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From Berin Loritsch <>
Subject Re: [RT] Adaptive Caching
Date Wed, 16 Jul 2003 12:38:11 GMT
Stefano Mazzocchi wrote:

> On Tuesday, Jul 15, 2003, at 17:06 America/Guayaquil, Berin Loritsch wrote:
>> Dumbing it down a lot will help emensely.  The problem is that it is 
>> already 18+ pages of hard to read stuff.  Then when we don't 
>> understand it we get verbally flogged.
> Berin, look: if you said "I don't get it, please rephrase" I would have 
> done it. If you said "I don't get this part" or "why are you doing 
> this?" I would have elaborated.

Here is the deal.  When I try to wrap my brain around something, I try to
rephrase things in terms and concepts that I understand.  I have studied
AI theory for a program that was being developed by my last company.  I
can "get" that because it works more cognitively for me.

So the response I get is a lot of flak.  Quite honestly, I simply state
things in terms that I have both observed and have experience with.  My
statements about the limited value (cost/benefit ratio) of partial pipeline
caching has to do with *my* experience.  Maybe others have had different
experiences, but all my dynamic information was always encapsulated in
one place: the generator.  The transformers had an infinite ergodic
period (infinite in that they did not change until there was a development
reason to do so).  The serializers were quite simple.

With that combination facts, the only thing in my pipeline with an
ergodic period less than infinity was the generator.  For my static
pages, I could have simply compiled the results and served them.  For
my dynamic pages, the generation was pretty darn quick.

Then again, maybe my *experience* is not typical, which means what is
good enough for me is not good enough for others.

>> Sorry I poopooed on your idea.  I'm sorry I don't have the mental 
>> capacity
>> to constructively contribute.
> Oh, please, you are way smarter than enough to get it. Maybe the 
> language is not what you are used to, granted, but I'm wide open to try 
> to outline the details. If you tell me what you don't understand I can 
> try explain it differently. If you don't, and just go on assuming, I 
> can't do anything but being frustrated at all the time I spent on this.

That was in response to your email.  By the time I was done reading it,
I felt like crap.  There are more similarities between what I presented
and you presented than you would like to admit.

The basic crux of programming Intelligent Agents is that agents react
to the state of the environment, discover the best response, and act
(usually in a way that affects the environment).

What you outlined was the "search algorithm" (the discovery method),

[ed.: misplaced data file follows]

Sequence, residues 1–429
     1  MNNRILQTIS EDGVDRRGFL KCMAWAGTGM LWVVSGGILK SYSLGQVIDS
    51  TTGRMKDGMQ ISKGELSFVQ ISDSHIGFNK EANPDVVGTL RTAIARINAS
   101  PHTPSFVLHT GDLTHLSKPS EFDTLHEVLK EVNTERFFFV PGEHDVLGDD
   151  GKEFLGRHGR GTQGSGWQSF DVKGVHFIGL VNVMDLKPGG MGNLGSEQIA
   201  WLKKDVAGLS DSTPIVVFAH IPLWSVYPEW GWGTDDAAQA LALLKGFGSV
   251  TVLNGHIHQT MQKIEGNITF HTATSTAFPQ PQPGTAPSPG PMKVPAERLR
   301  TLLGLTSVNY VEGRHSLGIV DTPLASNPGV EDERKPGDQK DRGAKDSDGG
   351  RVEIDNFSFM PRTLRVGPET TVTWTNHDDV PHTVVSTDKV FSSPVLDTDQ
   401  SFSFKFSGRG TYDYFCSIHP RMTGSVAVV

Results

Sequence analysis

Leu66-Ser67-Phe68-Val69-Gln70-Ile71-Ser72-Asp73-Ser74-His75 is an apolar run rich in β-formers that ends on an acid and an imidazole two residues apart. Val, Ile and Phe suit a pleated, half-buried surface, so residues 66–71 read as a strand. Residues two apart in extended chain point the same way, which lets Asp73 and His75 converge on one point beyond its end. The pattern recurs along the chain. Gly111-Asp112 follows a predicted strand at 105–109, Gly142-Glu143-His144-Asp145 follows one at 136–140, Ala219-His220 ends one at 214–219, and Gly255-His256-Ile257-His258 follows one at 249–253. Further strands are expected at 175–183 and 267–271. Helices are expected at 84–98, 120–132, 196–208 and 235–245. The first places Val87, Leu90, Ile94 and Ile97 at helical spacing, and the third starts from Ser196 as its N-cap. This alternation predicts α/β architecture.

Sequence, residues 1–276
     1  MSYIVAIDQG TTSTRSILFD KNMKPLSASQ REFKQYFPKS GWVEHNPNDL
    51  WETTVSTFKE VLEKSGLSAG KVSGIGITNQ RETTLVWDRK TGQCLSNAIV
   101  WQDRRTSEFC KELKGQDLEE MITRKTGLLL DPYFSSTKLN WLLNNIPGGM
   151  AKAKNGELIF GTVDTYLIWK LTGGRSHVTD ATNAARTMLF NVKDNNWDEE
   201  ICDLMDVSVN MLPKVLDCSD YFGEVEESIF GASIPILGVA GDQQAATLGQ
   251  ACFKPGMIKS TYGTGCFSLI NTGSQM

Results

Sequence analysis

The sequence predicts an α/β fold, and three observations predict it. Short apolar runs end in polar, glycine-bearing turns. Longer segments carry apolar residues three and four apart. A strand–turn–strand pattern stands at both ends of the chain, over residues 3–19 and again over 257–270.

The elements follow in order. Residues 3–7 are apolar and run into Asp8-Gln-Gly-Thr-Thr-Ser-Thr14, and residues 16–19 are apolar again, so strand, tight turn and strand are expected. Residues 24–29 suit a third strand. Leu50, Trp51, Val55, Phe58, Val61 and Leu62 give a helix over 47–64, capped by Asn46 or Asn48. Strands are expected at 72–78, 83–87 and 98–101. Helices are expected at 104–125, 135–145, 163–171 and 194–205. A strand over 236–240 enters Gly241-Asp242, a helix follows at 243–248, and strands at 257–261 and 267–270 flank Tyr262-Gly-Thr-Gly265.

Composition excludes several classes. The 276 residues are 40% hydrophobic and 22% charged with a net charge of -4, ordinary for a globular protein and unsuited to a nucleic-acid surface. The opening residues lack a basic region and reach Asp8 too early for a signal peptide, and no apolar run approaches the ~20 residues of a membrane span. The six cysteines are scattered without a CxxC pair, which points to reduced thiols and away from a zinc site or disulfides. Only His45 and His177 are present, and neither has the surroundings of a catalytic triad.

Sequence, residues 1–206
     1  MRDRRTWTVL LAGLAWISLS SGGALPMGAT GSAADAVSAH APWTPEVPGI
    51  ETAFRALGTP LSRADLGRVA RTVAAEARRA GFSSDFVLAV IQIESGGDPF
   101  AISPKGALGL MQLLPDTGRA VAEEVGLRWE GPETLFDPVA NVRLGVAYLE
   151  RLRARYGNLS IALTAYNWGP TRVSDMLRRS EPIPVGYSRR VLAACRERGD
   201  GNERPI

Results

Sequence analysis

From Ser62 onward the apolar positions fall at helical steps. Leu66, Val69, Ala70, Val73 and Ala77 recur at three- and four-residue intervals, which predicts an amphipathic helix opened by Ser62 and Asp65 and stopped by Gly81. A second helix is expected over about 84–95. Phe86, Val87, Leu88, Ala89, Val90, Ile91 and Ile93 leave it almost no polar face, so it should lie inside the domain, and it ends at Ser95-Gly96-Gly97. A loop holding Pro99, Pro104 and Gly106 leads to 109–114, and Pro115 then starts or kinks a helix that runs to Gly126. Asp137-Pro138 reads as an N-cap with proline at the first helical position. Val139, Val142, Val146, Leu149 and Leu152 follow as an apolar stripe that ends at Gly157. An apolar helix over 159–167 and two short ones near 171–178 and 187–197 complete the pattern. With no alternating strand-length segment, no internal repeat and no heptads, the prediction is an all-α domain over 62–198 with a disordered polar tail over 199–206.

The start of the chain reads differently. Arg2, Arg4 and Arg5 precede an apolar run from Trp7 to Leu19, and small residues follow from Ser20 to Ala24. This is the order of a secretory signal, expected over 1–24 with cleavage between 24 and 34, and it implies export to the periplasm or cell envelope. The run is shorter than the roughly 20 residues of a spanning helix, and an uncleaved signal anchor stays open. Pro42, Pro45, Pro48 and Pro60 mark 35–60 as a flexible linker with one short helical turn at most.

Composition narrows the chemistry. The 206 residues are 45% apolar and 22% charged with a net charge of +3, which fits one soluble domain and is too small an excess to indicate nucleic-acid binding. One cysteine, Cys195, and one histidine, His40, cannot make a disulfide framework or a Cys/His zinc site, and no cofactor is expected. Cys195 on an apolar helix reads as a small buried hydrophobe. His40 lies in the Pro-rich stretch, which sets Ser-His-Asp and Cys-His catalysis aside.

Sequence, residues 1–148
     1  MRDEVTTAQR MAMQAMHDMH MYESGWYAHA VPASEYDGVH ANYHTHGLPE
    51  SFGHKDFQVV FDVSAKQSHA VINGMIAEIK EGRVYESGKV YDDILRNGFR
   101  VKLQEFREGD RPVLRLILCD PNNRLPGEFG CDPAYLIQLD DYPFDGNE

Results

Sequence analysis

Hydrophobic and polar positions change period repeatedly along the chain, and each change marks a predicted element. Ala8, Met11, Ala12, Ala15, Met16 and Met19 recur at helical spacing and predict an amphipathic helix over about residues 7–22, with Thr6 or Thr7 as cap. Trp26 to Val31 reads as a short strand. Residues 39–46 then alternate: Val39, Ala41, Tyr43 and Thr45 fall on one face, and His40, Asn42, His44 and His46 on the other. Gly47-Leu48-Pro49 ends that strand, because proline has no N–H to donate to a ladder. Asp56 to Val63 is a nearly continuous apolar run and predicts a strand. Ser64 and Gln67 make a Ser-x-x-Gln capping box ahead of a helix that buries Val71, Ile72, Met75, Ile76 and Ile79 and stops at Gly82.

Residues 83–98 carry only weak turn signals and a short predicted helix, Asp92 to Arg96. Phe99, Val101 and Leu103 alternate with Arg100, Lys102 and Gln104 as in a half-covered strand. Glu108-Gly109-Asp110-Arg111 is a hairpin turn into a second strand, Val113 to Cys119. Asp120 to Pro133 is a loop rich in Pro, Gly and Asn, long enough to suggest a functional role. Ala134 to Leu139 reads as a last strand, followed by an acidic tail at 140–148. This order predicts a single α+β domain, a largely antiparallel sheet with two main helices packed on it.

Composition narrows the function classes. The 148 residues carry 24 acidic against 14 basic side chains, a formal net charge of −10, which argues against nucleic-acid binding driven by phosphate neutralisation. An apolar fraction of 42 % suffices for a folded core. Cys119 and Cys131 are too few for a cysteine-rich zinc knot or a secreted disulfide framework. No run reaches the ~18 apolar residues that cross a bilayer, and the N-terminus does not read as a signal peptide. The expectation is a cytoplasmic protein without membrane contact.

and the maner in which the agent (cache controller) acted upon the

What you left as an excersize to the reader was the Cost function.  The
rules-based approach is one way of achieving that cost function declaratively.
Any time you incorporate conditional logic in your cost function, you
have explicit rules.  Any time you have a weighted cost that factors in
different elements you have implicit rules.  Explicit rules are easier to
debug and understand, also to predict.  There are different ways of applying
explicit rules without resorting to if/then/else or switch/case functions.
In fact you might be able to come up with a way to translate explicit rules
into a function with implicit rules.

Truth be told, your search algorithm might be as efficient as they come.
It might not.

But do keep in mind the poor administrator/installer.  The guy who is
managing the install is more interested in the efficiency of the cache
and how Cocoon uses resources than the developer.  The user in many cases
won't know the difference because their network connection is throttling
the response, or their browser is the bottleneck.  The efficiency of the
cache will likely have the most impact on the scalability of the server.
That is my OPINION, and should not be taken as gospel.  Please do not
shoot me for holding that opinion.

I took the 18 pages home and started to play with some code.  I appreciate
the journey to get to the search algorithm you proposed.  The functions
as declared in the beginning were not that efficient, and on my machine
as soon as you had more than ~410 samples for the invalid/valid cost
evaluations the function took ~10ms (the granularity of my clock) to
evaluate.  The evaluation used constants for all the cost figures because
that would be the computationally cheapest way to evaluate the efficiency
of those functions.

After this exercise, to my dismay, was the better way of evaluating a
continual cost value.  That way instead of having a sample for each
request at a particular time, we only had to work with three samples.
A vastly improved search algorithm in terms of being computationally

Before it was unclear what type would best represent the cost function,
but when you introduced the trigonometric functions into the mix, it was
clear that floating point precision was required.

Perhaps seeing what you want in code would be the best thing.  It would
help solidify things for us that don't do the math or are overwhelmed by
a very long whitepaper and trying to derive from it how it will practically
make our lives better.  It is would help determine the cost/benefit ratio
of actually developing this thing.  As it stands, any idea that takes 18
pages to explain gives the impression of a very high cost.  Whether this
bears out in practice or not remains to be seen.


"They that give up essential liberty to obtain a little temporary safety
  deserve neither liberty nor safety."
                 - Benjamin Franklin

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